Some studies indicate PFPS may be also be caused by lesions in the cartilage at the distal end of the femur.
The patellar tendon connects the distal ends of the four strong quadriceps muscles to the kneecap and the front of the shinbone, or tibia.
While the correct medical term is patellar tendinitis, this condition is often referred to as jumper’s knee as it’s commonly associated with the strong repetitive force generated in the patellar tendon by jumping.
It’s not so much the jumping that’s the problem, though, it’s landing that generates the force. As this happens repetitively every time the foot strikes the ground, it’s not surprising that jumper’s knee also affects runners.
The force generated can cause microscopic tears in the tendon which don’t necessarily cause a problem individually. Problems start to occur when the microtrauma happens over and over again without enough time for rest and repair.
The tendon will get irritated and inflamed—a classic tendinitis which requires rest from the cause of injury, physical therapy and correct rehabilitation.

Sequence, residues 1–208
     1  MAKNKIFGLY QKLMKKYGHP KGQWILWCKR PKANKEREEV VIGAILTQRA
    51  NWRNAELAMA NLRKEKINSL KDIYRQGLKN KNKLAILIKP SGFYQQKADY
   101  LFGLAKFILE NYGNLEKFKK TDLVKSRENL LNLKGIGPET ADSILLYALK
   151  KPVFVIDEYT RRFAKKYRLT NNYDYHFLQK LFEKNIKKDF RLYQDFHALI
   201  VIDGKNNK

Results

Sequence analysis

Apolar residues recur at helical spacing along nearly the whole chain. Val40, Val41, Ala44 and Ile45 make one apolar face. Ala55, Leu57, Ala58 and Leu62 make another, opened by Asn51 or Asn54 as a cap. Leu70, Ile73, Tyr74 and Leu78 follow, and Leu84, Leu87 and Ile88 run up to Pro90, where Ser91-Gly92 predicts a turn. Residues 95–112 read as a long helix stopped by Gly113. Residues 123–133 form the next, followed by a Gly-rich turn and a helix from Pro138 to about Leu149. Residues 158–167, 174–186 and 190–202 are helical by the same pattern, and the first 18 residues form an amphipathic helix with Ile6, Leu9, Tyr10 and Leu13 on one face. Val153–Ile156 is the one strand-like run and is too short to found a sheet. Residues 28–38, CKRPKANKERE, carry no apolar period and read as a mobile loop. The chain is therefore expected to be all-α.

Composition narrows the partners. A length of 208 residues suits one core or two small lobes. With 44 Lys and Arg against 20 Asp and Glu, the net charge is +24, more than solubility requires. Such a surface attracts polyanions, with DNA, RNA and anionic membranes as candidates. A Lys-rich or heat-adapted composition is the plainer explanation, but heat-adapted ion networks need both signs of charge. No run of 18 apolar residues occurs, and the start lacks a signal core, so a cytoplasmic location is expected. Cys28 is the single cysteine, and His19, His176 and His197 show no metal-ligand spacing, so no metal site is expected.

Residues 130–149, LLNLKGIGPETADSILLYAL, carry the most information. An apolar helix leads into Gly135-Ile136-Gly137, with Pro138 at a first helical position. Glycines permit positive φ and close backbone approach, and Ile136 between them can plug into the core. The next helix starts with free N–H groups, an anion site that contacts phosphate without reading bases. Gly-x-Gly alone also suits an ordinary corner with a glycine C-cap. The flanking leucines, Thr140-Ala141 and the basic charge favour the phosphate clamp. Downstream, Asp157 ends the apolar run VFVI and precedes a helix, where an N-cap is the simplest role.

Also known as medial tibial stress syndrome (MTSS), shin splints can be a common injury in running. MTSS is an inflammatory condition involving the muscles, tendons and bony tissue in your shin.
Repetitive running on hard and uneven surfaces, hill training, inappropriate footwear and increases in training intensity can significantly contribute to shin splints, and if the problem isn’t addressed, damage becomes worse and more widespread, and can result in stress fractures.
The most common symptom of shin splints is pain along the inside edge of the shin. Initially, it’s often an intermittent low level niggle which gradually (if the problem is ignored) increases in tenderness, pain intensity and becomes more constant.
Some people may notice swelling in the area, there will certainly be some inflammation, and some experience poor function, muscle weakness and numbness in the foot.
Often shin splints are associated with muscle imbalances which change the way forces are directed through the leg, so to address shin splints properly, hip, knee and ankle function all need to be assessed. Natural postures like flat feet or high arches can both be associated with shin splints.
To heal, shins mainly need rest from high impact activities—like running—but to avoid recurrence, it’s important to identify what caused the shin splints and make changes to avoid future problems.
The thick rope-like structure which can be palpated above the heel, the Achilles tendon is an important structure in running. It connects the rear calf muscles—the gastrocnemius and the underlying soleus to the heel and blends with the plantar fascia—the tough connective tissue under the skin on the soles of our feet.